Six years ago, Lucy Jones had just returned to her hometown of Lexington, Kentucky. As she reacquainted herself with a city she hadn't lived in since childhood, she saw a rather peculiar building while driving down the city's main drag. It was a sliver of a vivid turquoise structure with an emotive zigzagging white roof peeking from between a hulking condominium and parking garage. Before that, she had never even noticed it. Set back from the road, The Peoples Bank is an apparition of streamlined modernism plopped into the middle of a busy Kentucky thoroughfare. Within the hour, Lucy Jones had called the building's owner and requested a private tour.
When the bank first debuted, with its generously high ceilings and terrazzo floors, it caused quite a stir. In fact, there had never been anything like it. Other than a few dreary shopping malls on the edges of town, Lexington has a paltry number of midcentury modern buildings. According to Lucy Jones, their numbers are dwindling. "There were few truly audacious examples of midcentury modern commercial architecture in Lexington to begin with and most of them have been destroyed in the name of progress." She continues, "The fact that The Peoples Bank has remained intact and was never subject to renovation is nothing short of a miracle." Built in 1962, The Peoples Bank is the work of architect Charles Bayless.
A graduate of Carnegie Mellon, Bayless is thought to be the first architect to introduce a pre-cast folded-plate roofing system to Lexington, Kentucky. With a zigzag silhouette and floor-to-ceiling glass walls, "The Peoples Bank isn't only one of the last remaining modernist buildings, it's one of the finest."
When Lucy Jones arrived, she realized that she wasn't the first to try to lease the beleaguered monument. In fact, just about half of Lexington had been intrigued by the peculiar blue building and had called the owners with the intent of renting it. Lucy was informed that they had all been given the same answer: "Yes, you can rent it; Yes, the asbestos would cost $100,000 to remove." Unable to pay for the asbestos removal on her own, Lucy moved on.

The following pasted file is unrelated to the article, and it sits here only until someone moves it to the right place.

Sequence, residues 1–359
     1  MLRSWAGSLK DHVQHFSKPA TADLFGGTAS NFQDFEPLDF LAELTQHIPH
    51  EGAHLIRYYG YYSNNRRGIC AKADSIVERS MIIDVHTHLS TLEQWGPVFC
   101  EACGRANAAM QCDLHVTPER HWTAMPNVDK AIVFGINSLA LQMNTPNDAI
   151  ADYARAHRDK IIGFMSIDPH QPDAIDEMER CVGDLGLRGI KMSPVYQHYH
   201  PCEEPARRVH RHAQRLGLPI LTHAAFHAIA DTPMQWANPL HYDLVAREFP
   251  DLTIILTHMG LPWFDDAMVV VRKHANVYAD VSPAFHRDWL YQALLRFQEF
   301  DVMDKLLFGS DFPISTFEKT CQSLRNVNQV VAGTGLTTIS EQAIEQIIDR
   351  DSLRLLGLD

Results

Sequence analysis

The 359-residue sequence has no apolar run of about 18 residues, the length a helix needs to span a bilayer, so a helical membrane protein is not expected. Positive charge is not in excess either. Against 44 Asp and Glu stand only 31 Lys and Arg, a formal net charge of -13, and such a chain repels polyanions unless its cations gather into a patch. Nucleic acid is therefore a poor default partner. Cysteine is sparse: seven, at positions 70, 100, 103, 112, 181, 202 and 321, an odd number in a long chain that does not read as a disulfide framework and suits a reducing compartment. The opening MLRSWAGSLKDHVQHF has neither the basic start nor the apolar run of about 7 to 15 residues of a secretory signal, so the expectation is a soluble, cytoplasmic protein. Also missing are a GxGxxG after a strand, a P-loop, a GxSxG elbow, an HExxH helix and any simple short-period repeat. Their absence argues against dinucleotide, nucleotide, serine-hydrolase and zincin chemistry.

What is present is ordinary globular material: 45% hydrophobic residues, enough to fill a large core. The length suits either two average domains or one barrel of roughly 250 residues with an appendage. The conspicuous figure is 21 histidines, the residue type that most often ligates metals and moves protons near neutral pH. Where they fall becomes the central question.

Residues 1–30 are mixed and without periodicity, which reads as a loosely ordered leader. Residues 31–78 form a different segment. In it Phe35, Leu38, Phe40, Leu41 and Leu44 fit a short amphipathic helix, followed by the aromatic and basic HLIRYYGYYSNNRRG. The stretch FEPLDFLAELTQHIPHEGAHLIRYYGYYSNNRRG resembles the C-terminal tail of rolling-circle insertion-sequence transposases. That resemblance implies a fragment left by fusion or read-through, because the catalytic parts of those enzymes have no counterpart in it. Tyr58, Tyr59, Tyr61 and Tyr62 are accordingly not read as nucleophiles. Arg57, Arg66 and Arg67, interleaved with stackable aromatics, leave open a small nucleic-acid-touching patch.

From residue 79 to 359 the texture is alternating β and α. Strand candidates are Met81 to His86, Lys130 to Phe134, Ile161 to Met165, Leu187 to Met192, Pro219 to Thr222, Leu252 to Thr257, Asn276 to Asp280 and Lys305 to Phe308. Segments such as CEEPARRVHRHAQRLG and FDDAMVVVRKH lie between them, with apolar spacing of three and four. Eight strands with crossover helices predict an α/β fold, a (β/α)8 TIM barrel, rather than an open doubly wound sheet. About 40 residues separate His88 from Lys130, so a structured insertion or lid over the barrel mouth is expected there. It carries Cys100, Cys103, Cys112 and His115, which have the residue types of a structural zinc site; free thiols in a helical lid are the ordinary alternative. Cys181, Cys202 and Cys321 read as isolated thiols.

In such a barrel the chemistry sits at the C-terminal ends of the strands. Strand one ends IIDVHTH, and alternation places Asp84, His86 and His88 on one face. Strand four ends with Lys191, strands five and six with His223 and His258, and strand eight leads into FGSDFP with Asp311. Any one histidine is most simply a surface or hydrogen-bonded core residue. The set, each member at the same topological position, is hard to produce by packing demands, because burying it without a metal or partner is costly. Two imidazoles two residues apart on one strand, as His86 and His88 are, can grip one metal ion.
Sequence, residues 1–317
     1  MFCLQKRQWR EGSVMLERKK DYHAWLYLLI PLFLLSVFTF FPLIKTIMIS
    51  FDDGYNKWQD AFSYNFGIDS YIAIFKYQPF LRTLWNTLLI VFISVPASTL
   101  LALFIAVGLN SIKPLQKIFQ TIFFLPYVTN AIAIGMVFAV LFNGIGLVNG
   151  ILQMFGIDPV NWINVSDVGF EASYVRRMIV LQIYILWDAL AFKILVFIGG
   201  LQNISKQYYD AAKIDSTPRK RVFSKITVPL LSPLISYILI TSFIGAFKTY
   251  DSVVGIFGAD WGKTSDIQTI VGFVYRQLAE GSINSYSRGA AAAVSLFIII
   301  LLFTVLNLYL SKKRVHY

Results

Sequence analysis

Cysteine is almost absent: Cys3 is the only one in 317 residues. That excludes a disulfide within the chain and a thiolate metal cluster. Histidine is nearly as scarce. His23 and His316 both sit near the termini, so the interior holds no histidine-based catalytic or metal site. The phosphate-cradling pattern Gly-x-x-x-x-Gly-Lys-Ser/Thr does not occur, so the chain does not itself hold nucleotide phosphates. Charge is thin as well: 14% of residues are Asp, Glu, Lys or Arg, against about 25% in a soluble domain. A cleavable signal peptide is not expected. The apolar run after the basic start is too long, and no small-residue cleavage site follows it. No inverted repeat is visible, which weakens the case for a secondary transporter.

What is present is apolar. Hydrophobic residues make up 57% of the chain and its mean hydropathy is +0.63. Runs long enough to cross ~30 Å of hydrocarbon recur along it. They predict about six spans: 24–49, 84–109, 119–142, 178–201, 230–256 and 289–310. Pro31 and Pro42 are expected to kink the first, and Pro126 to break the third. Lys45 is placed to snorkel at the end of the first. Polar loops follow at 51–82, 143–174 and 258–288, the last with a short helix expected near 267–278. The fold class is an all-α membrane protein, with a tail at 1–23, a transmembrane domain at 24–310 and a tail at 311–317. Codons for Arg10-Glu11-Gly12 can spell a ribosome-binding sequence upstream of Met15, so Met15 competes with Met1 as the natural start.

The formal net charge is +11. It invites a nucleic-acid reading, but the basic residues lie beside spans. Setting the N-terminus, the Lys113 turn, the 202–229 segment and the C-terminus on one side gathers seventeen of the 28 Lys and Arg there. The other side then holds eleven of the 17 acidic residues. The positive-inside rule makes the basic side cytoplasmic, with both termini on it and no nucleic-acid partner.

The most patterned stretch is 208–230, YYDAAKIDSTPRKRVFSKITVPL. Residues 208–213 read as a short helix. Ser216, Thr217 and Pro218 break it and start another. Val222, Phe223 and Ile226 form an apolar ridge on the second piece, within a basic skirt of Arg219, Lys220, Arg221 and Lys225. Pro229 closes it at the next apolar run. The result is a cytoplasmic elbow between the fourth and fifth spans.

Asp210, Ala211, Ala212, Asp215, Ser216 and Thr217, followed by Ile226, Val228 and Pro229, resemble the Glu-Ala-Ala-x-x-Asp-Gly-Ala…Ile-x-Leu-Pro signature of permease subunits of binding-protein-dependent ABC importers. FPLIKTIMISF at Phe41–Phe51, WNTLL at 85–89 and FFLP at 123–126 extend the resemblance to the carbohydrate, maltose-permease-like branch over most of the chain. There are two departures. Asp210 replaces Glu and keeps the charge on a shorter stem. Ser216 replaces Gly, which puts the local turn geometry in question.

It wasn't until a few years later that Lucy Jones received a text message from a friend, "Why is there demo equipment outside the blue bank building?" Of course, the text was a reference to The People's Bank. Just a few days prior, demolition equipment had decamped to the parking lot of The People's Bank, brandishing a permit. It was then that Lucy called David O'Neill, Lexington's Property Valuation Administer, to ask for help. According to David, "It won't be easy to save, but it's possible." In this case, possible meant the nearly impossible.
Saving the building would require relocating it completely, which would cost upwards of $800,000. Undaunted, Lucy was informed that they needed to prove community interest in order to stave off the demolition. That's when they were confronted with a Herculean task: "By the end of the weekend, we needed to raise a prospective $150,000 and secure a meeting with Lexington's Mayor, architectural enthusiast Jim Gray."
By Lucy's own account, she began "frantically calling everyone who had ever expressed interest in the bank." It was during that calling spree that Laurel Catto had the idea that, in retrospective, probably saved The Peoples Bank. "She wanted to turn it into a nonprofit space." Lucy continues, "Laurel Catto recognized that our preservation efforts aligned perfectly with the mission of The Warwick Foundation. Their organization had been seeking a presence in Lexington and the building was a perfect fit. They offered $300,000 in foundation money to relocate the building and build it toward its future use as a community and cultural center. Not only would this midcentury gem be saved, but it would have an important second life in service to the city." But there was one caveat: Lexington, Kentucky had to match their donation.
It was at that moment that something truly rare and special happened. Friends and family posted harried pleas to their Facebook pages, artists donated their work, and volunteers set up tours. Their efforts seemed to snowball. Finally, with seven hours left to go before their midnight deadline, they raised the final $9,000 to save the bank.
When asked why she did it, Lucy Jones explains that it wasn't really a choice. "I couldn't imagine returning home and seeing an empty lot where the building used to be." She continues, "Fortunately, there was an entire community of people who felt the same way." So, while preservationists mourn Robin Hood Gardens and Paul Rudolph's inimitable Orange County Government Center, it's important to remember that in Lexington, Kentucky, friends and family raised $250,000 to save their last, best modernist building.